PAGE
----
127 episodes

Historian David Borys dives deep into the fascinating world of Canadian history in this bi-weekly podcast exploring everything from the wonderful to the weird to the downright dark.
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Curious Canadian History David Borys

    • History
    • 4.6 • 347 Ratings

Historian David Borys dives deep into the fascinating world of Canadian history in this bi-weekly podcast exploring everything from the wonderful to the weird to the downright dark.
Get add free content at Patreon!
Hosted on Acast. See acast.com/privacy for more information.

    S8E7 The Last Duel....in Canada

    S8E7 The Last Duel....in Canada

    If you took a stroll along the banks of Tay River, in Perth Ontario, just on the northeast edge of the town, you would come upon on a strangely named location, Last Duel Park. Certainly, for many, they might just walk on by, chalking it up to just a strangely named location. But the more curious might wonder, how did this park get its name? The name is not a clever one, it’s given to the park because that is the location of the last fatal duel ever fought in Canada. In 1833 two former friends had such a falling out that the only recourse they sought was a pistol duel on a June summer evening. While on the surface it seemed like this dispute was over a betrayal of trust, behind the scenes it seems like there was far more going on, that being a devious plot to secure a love interest. A devious plot that if true horribly backfired and left one young man dead. 
     
     
     
    Book recommendation: Susan Code A matter of honour: And other tales of early Perth, General Store Pub. House, January 1996
    https://www.abebooks.com/servlet/SearchResults?an=susan%20code&tn=matter%20honour%20tales%20early&sortby=17&cm_sp=plpafe-_-all-_-link
     
     
    Twitter – https://twitter.com/DocBorys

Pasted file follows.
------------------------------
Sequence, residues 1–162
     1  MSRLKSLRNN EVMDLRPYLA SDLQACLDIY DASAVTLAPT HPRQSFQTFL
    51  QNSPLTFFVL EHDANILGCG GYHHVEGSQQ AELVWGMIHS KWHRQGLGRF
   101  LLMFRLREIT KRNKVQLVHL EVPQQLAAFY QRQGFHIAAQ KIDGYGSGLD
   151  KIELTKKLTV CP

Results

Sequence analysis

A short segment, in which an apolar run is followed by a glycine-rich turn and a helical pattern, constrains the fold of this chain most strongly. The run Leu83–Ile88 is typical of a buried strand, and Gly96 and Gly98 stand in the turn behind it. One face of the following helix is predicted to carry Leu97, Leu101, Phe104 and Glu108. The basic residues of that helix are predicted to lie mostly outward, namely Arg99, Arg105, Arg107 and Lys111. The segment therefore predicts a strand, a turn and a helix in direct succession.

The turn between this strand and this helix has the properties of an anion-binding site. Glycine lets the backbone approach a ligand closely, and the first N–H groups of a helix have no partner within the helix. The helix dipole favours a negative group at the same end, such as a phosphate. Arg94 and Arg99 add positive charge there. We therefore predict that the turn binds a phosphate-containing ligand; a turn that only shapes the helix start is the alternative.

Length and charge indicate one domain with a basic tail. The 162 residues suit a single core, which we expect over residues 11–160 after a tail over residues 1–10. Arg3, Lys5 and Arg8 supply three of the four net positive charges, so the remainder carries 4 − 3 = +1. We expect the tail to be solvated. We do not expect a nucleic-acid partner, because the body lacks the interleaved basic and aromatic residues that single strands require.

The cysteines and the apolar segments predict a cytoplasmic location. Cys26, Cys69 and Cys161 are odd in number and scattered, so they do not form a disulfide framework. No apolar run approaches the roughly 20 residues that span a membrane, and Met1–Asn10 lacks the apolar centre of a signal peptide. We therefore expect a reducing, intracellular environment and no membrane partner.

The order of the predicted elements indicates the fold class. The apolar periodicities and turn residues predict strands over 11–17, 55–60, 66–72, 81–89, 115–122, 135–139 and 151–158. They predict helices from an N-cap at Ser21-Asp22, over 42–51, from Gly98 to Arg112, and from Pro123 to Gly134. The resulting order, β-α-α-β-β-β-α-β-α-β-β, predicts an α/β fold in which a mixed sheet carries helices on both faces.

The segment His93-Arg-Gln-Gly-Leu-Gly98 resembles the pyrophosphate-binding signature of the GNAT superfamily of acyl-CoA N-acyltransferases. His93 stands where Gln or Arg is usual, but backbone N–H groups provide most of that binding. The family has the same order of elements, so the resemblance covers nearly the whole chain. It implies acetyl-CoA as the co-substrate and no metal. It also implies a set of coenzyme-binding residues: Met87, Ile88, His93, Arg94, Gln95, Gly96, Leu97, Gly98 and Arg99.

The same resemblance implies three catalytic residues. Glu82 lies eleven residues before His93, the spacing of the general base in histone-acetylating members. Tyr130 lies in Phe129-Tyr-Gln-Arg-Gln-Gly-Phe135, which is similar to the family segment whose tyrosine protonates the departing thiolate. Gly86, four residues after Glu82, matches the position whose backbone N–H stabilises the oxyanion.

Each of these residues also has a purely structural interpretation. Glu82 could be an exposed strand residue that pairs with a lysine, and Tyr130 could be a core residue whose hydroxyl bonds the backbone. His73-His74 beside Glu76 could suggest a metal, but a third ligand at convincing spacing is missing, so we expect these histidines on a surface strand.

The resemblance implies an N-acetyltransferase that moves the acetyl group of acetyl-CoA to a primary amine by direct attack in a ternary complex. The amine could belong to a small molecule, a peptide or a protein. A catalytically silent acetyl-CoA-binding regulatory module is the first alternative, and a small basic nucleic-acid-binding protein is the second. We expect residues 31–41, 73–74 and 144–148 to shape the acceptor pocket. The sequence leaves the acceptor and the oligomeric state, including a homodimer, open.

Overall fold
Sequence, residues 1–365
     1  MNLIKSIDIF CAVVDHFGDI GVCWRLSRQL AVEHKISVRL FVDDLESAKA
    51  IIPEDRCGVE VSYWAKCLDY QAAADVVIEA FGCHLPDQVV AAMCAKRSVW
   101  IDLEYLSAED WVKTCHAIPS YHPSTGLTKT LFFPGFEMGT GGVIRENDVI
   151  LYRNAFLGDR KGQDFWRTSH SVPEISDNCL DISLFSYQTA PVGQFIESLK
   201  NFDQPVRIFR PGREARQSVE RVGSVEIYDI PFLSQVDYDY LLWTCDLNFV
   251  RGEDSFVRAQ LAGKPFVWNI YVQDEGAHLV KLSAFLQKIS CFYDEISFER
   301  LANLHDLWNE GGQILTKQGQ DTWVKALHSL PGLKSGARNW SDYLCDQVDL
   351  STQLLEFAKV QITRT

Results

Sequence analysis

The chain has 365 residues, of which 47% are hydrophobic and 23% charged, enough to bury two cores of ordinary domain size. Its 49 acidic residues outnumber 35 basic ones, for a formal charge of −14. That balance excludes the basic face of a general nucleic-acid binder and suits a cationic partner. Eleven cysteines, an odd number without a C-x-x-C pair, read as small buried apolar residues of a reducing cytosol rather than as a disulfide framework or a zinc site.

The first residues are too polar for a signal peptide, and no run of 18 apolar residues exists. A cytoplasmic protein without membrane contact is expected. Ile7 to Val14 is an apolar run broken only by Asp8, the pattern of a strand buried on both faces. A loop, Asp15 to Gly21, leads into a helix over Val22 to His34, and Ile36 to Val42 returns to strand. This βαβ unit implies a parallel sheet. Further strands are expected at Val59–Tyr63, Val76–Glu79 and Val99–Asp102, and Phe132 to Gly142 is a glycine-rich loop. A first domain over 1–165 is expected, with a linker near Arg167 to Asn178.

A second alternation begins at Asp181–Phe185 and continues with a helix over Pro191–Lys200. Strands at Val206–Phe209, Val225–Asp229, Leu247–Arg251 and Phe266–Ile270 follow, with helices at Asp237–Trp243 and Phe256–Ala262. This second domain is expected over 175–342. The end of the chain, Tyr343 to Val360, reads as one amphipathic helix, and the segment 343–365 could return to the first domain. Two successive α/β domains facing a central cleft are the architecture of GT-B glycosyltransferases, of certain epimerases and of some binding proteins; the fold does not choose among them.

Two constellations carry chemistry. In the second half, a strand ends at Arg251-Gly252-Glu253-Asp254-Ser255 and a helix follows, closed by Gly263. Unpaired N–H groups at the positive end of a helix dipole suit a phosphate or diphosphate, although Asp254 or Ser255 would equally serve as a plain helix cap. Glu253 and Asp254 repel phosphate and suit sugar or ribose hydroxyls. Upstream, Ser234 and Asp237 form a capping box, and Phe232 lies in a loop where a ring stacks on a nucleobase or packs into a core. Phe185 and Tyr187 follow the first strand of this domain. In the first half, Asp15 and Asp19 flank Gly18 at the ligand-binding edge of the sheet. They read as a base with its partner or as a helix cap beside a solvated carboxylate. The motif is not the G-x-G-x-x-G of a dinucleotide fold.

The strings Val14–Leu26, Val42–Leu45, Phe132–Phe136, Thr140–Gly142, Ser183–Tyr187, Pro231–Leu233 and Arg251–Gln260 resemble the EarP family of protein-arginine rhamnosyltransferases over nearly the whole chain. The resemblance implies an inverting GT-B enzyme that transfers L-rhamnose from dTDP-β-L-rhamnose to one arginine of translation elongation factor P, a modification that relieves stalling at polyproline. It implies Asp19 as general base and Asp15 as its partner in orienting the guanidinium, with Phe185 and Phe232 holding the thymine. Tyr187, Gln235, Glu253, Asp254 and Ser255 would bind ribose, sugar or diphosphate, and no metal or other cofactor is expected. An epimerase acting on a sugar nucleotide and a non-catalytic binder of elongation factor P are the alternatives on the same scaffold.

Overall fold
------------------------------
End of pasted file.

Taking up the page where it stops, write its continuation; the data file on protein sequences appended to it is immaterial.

Patreon - https://www.patreon.com/curiouscanadianhistory
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    • 20 min
    S8E6 Henri Bourassa and the Conscription Crisis

    S8E6 Henri Bourassa and the Conscription Crisis

    Henri Bourassa is one of the most famous Quebec journalists in the history of Canada. His writing at Le Devoir, the paper he founded, was embraced by many as the voice of French-Canadians struggling to assert their place in a rapidly changing Canadian nation. He was a complex man, a devout ultramontane Catholic, a French-Canadian nationalist, but also a man who saw a future where English and French Canadians could cooperate and live side by side in harmony as the two “races” of a strong and proud Canadian nation. Yet he was also deeply disturbed by Canada’s attachment to Britain and Britain’s empire, and time and time again his platform at Le Devoir became the voice of many in Quebec who bristled at this long-standing imperial connection. No event put Bourassa on the national stage like the First World War, while he was already quite well known in Quebec prior to 1914, by the end of that war he would be known from coast to coast. 

    The book recommendation for this episode is Duty to Dissent: Henri Bourassa and the First World War by Geoff Keelan published by UBC Press in 2019.
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    • 23 min
    S8E5 Stanley Thompson and Golf in Canada

    S8E5 Stanley Thompson and Golf in Canada

    There are many ways in which Canadians express their national identity. Through song, poetry, tattoos, pride over historic and international achievements, the celebration of multi-culturalism, the singing of the anthem, voting in an election, and so many other expressions large and small help us define who we are and who we think we are as Canadians. Sport has always played a central role in this search for identity. From cheering for Team Canada at the Olympics, to fanatically following your local sports team, sport has always been a way to unite Canadians. But sport has also played a role in helping to express the Canadian experience, especially when that Canadian experience is one that embraces Canada’s rugged, hostile and beautiful environment. In the 1920s and onwards the famous painting cabal known as the Group of Seven created an international sensation by painting Canada’s landscapes, presenting to the world what has been considered Canada’s first true school of art. At the same time that these great painters were presenting their material to a world fascinated by Canada’s landscapes, Stanley Thompson was doing the same thing...with golf courses. Thompson embraced the Canadian terrain and built golf courses into it that celebrated the unique and rugged nature of the Canadian landscape. In many ways, Thompson too was an artist who was also, like the Group of Seven, celebrating the Canadian experience through expressions of nature.